By Josh Richman
Wednesday, September 28th, 2011 at 8:29 am in Carly Fiorina.
The former Hewlett Packard CEO, 57, of Los Altos Hills, will deliver the speech Nov. 2 at the Newseum in Washington, D.C. Fiorina was named in July as a vice chair of the National Republican Senatorial Committee, charged with fundraising for GOP candidates in the 2012 cycle.
“As the first woman to lead a Fortune 20 company, Carly Fiorina has lived a life of accomplishment and achievement that beautifully demonstrates that being pro-life is pro-woman,” AUL President and CEO Charmaine Yoest said in a news release issued early this morning. “We are honored to have Carly articulate her vision of moving forward toward restoring a culture of life while celebrating AUL’s four decades of pro-life victories.”
AUL’s release said the gala will celebrate “the accomplishments of four decades serving as the nation’s premier pro-life legal team and as the source of much of the pro-life model legislation that has had such an impact across the country.” It lists among its milestones successfully defending the Hyde Amendment before the U.S. Supreme Court, “establishing the intellectual groundwork for fetal homicide laws enacted in 37 states,” reducing abortions state by state through its model legislation, leading the fight against assisted suicide and testifying in state legislatures and the last two U.S. Supreme Court confirmation hearings.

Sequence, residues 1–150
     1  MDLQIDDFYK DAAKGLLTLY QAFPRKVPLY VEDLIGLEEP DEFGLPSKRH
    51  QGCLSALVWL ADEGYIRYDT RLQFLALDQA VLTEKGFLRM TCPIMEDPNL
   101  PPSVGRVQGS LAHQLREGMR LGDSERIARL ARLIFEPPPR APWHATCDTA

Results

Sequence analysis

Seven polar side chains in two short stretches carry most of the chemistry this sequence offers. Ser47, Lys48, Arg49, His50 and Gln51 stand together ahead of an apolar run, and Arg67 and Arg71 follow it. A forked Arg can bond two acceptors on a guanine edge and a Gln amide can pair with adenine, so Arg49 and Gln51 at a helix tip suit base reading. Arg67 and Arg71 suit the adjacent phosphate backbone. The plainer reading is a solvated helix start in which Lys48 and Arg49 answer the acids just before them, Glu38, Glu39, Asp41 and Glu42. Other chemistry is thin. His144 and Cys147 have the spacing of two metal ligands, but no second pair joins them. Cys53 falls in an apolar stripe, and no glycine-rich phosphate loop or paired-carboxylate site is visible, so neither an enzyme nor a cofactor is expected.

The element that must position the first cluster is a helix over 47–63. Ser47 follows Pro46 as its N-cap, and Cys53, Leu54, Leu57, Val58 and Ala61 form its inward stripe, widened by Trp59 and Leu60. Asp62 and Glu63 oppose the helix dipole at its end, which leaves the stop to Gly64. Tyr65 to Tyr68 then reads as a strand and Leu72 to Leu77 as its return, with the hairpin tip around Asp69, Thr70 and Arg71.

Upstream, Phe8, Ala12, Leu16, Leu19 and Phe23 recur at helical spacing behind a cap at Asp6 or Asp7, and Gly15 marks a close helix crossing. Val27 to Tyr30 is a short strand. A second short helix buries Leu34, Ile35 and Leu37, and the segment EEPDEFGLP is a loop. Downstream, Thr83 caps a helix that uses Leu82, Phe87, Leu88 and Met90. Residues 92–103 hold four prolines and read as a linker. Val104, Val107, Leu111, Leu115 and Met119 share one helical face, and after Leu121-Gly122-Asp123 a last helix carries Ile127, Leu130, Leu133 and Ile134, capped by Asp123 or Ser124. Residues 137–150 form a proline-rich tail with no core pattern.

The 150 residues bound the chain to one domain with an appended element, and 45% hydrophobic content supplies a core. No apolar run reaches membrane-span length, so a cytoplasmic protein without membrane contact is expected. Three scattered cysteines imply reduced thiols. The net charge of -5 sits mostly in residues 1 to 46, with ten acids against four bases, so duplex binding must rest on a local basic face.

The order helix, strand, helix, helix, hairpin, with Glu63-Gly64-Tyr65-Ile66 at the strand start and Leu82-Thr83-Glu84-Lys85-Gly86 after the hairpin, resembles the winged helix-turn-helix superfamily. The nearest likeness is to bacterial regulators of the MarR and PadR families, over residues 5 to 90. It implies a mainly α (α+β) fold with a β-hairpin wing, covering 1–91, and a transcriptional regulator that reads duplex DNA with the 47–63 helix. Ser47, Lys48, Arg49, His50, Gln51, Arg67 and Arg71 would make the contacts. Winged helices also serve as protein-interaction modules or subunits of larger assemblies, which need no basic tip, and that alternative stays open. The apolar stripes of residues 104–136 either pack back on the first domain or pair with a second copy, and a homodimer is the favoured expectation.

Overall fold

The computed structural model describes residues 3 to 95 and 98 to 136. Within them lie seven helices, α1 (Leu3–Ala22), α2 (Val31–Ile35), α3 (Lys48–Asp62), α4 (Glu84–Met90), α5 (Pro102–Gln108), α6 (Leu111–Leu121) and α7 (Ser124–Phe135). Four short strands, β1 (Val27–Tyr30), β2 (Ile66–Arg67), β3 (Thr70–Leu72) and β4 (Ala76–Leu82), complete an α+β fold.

The event’s honorary co-chairs are House Majority Leader Eric Cantor, R-Va.; U.S. Sen. Jeff Sessions, R-Ala.; and Republican presidential candidate Texas Gov. Rick Perry. Individual tickets cost $500 each while sponsorships range up to $25,000, all available online.
Fiorina outlined her anti-abortion stance to the San Francisco Chronicle in April 2010:
“I myself was not able to have children of my own, and so I know what a precious gift life is,” Fiorina said. She helped raised two stepchildren, the daughters of her second husband, Frank Fiorina. One, Lori Ann Fiorina, 35, died last year.
“My husband’s mother was told to abort him,” Fiorina said. “She spent a year in the hospital after his birth. My husband is the joy of her life, and he is the rock of my life. So those experiences have shaped my view.
“I recognize that a lot of women disagree with me on that,” Fiorina said. “But I also know that women in general are not single-issue voters. When I talk to women on this, it’s not the issue that is on the table in this election.”